### A Fearful Symmetry

Longtime readers of this blog will know that I think that discrete symmetries (particularly, those that suppress proton decay and flavour-changing neutral currents) are a serious challenge for ideas about the Landscape and, more generally, applications of the Anthropic Principle to String Theory Vacua (see, for instance, these three and posts).

If supersymmetry is broken in the visible sector below the GUT scale, then there are, generically, dimension-4 operators in the supersymmetric theory which violate baryon number. Below the supersymmetry-breaking scale, these induce the usual dimension-6 baryon number operators, suppressed, not by $M_{\text{GUT}}^{-2}$, but by $M_{\tilde q}^{-2}$, where $M_{\tilde q}$ is the squark mass. To suppress these bad operators (note that the observed proton lifetime is at least 20 orders of magnitude longer than the anthropic bound), one generally invokes a discrete symmetry. For instance, R-parity arises as a $\mathbb{Z}_2$ global symmetry, under which the quark and lepton chiral multiplets are odd, while the Higgs chiral multiplets are even.

Such discrete symmetries typically only occur on subspaces of the moduli space of very high codimension. In flux compactifications, not only must the vacuum lie on this invariant subspace, but the fluxes must be chosen to respect the symmetry as well (they appear as coupling constant in the low-energy theory). This drastically reduces the number of flux vacua.

For concreteness, let us work in the orientifold limit, with a Calabi-Yau 3-fold, $X$. The standard estimate of the number of flux vacua is roughly $L^{b_3(X)}$, where $L$ is a measure of the D3-brane charge that must be cancelled. If the desired discrete symmetry requires restricting to a subspace of the moduli space of complex dimension $n$, then the naïve estimate of the number of flux vacua respecting the symmetry is $L^{2(n+1)}$ (the extra 1 comes from $H^{(3,0)}\oplus H^{(0,3)}$). This is vastly smaller than $L^{b_3(X)}$.

There’s a very interesting recent paper which does a more careful estimate. What they find is that — in the class of examples they look at — the number of vacua respecting the discrete symmetry can be enhanced, for number-theoretic reasons, over the above naïve estimate by powers of $\log(L)$.

Where does number theory come in? Pick a point, $z$, in the complex structure moduli space and a value, $\phi$, for the axio-dilaton. View the equations $D_\alpha W=0$ as a set of (linear) equations for the fluxes. If the fluxes were real-valued, we could always solve those equations. But they’re integer-valued. For a generic point, there will be no integer-valued solutions for the allowed fluxes. For special points, the periods take values in some finite extension of $\mathbb{Q}$, and it is possible to adjust the (integer) fluxes, so as to find a solution. Consider the case where the field extension is of degree^{1} $d$ and $\phi$ is of height^{2} $H(\phi)$ in this extension. If the degree of the extension and the height, $H(\phi)$, are small enough, then one gets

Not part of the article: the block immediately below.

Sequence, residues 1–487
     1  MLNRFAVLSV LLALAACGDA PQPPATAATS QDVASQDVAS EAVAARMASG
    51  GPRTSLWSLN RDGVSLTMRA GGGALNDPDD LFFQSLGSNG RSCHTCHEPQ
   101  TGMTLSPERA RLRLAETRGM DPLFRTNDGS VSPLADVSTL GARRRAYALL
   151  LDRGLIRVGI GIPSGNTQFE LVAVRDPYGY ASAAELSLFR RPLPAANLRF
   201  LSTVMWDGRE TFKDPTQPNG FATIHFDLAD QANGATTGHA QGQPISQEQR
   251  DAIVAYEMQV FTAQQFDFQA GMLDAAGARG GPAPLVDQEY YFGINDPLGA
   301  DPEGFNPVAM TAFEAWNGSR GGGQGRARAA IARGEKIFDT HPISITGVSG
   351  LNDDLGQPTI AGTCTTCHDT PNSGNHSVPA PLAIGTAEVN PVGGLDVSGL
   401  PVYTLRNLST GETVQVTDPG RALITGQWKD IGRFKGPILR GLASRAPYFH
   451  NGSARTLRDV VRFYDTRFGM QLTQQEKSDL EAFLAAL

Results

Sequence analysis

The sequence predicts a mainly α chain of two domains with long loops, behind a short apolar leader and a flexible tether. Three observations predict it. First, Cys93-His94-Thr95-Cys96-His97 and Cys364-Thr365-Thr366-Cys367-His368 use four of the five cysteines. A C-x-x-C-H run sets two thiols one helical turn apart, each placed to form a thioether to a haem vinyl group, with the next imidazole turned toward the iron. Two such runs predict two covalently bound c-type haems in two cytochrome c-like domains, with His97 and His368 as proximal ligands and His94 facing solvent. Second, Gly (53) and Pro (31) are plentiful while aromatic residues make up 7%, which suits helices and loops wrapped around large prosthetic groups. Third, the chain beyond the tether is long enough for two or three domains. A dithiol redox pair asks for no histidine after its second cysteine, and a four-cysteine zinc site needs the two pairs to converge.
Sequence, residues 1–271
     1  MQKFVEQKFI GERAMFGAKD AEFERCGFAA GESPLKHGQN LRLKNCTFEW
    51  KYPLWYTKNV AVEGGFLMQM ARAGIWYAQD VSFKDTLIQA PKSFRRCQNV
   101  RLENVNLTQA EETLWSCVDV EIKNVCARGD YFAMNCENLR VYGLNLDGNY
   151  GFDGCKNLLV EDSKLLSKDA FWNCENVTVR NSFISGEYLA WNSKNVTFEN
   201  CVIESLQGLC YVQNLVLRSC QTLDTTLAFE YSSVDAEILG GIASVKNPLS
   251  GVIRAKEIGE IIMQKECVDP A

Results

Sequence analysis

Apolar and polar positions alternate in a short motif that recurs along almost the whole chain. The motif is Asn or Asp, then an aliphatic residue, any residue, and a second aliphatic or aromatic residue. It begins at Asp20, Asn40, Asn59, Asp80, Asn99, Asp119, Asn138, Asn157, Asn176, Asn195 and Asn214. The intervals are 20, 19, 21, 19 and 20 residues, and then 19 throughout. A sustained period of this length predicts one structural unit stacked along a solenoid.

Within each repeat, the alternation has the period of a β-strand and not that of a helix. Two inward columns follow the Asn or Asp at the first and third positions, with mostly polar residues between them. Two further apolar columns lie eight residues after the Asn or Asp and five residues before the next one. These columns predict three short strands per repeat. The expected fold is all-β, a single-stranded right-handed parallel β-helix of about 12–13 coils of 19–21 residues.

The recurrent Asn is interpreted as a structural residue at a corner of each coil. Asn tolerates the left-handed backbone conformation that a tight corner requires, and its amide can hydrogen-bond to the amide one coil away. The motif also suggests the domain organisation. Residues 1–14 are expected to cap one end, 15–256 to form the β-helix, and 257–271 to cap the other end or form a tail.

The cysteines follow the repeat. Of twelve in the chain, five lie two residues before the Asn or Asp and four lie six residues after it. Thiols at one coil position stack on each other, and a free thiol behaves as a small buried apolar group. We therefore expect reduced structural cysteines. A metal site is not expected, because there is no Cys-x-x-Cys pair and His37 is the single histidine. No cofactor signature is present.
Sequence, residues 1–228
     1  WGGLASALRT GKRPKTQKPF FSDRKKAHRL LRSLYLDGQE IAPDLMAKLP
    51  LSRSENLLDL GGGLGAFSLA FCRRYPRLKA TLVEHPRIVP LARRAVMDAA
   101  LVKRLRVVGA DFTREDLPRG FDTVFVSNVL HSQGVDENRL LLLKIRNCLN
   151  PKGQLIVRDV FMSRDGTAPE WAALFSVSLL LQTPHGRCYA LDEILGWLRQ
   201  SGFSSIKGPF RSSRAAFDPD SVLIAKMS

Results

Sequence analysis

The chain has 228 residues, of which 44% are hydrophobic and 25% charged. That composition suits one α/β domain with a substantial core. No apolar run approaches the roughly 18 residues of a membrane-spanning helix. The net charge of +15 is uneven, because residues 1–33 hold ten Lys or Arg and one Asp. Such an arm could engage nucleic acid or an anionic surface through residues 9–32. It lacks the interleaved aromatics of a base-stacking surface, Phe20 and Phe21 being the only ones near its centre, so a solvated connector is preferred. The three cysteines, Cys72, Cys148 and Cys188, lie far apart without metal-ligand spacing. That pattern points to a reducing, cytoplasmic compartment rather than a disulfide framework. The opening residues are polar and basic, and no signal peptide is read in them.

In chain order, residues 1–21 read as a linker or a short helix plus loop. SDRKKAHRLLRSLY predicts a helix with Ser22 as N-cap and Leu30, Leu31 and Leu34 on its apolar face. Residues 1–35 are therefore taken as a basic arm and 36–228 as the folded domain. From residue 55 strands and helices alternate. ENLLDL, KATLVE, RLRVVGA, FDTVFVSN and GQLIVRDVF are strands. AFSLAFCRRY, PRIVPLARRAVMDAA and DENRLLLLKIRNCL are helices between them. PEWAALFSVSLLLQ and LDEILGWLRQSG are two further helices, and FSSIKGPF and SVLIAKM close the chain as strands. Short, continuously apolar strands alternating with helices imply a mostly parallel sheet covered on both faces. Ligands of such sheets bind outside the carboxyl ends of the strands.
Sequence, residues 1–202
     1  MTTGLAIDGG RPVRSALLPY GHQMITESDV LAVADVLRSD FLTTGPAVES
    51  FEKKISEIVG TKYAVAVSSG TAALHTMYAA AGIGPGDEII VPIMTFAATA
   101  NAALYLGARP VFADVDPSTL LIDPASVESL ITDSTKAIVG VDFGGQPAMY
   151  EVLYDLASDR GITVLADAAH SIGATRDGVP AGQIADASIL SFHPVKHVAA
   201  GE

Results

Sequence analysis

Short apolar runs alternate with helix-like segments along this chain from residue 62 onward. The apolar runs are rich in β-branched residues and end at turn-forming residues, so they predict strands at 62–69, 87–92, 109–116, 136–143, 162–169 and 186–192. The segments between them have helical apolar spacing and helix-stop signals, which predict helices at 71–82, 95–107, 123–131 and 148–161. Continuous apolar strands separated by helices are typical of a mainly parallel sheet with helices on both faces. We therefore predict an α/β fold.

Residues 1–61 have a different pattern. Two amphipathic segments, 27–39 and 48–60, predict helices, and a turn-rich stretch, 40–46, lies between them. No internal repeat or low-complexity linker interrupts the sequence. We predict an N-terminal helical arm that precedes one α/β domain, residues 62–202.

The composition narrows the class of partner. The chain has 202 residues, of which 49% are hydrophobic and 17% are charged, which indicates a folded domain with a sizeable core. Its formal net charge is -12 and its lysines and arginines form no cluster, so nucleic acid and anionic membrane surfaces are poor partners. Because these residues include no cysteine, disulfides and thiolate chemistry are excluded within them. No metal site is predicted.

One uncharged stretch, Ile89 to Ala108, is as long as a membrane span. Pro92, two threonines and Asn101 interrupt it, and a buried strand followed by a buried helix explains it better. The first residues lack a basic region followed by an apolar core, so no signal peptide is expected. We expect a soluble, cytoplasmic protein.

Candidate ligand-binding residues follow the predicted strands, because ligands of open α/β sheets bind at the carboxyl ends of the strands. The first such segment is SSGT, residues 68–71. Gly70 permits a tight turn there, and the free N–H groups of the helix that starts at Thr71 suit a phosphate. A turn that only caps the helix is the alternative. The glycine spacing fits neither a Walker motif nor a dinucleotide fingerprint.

$N_{\text{vacua}}\sim \left(\frac{L^{(1-d/4)}}{H(\phi)^{d/2}}\right)^{b_3}$
as an estimate of the number of flux vacua at such a point.

At least in the simple examples they consider, summing over such points respecting the discrete symmetry produces a result enhanced by powers of $\log(L)$ over the naïve one.

They also address a related question: how many such vacua also satisfy $W_{\text{tree}}=0$ (*i.e.* are supersymmetric in 4D flat space, in the no-scale approximation)? Such vacua are non-generic^{3} as the system of equations in overdetermined. But their abundance is closely related to the statistical likelihood (if you believe in such statistical games) of low-scale supersymmetry breaking. Again, DeWolfe *et al* give an estimate
$N_{W=0\,\text{vacua}}\sim \left(\frac{L^{1/2}}{H(\phi)}\right)^{-d} \left(\frac{L^{(1-d/4)}}{H(\phi)^{d/2}}\right)^{b_3}$
of the number of $W_{\text{tree}}=0$ vacua at a point where the periods lie in a degree-$d$ extension of the rationals.

^{1} A field $K$ is an extension of a field $F$ if $F$ is a subfield of $K$. The degree of the extension is the dimension of $K$, considered as a vector space over $F$,
$d(K/F)= dim_{F}(K)$

^{2} The height of a rational number, $p/q$, for $p,q$ coprime is $\max(|p|,|q|)$. If $\phi$ is valued in a finite extension of the rationals, view that extension as a vector space over $\mathbb{Q}$, as in the previous footnote, and hence $\phi$ as a $d$-tuple, $\phi= (p_1/q_1, \dots, p_d/q_d)= (m_1/\gcd(q_i),\dots,m_d/\gcd(q_i))$. Then $H(\phi)=\max(\gcd(q_i),|m_1|,\dots,|m_d|)$.

^{3} The more general supersymmetric vacuum has $W= W_0\neq 0$. These typically lead to supersymmetric vacua in anti-de Sitter space after the no-scale structure is broken by the generation of a superpotential for the Kähler moduli.

## Re: A Fearful Symmetry

Jacques,

I am not sure what are the rules of the game, I am wondering what is your opinion:

Did you expect huge suppression of the number of (candidates for) vacua if you demand the existence of any discrete symmetry? it seems likely that demanding that the discrete symmetries be the right ones (do the job) will provide an additional supression, perhpas a more significant one. More generally, the more you demand of your vacuum, the less likely you are to get a huge number of vacua. Is the game in your mind detecting if there is a large number of vacua left that resemble some semi-realistic phenomenology?

What do we do if the answer is yes? what do we do if the answer is no?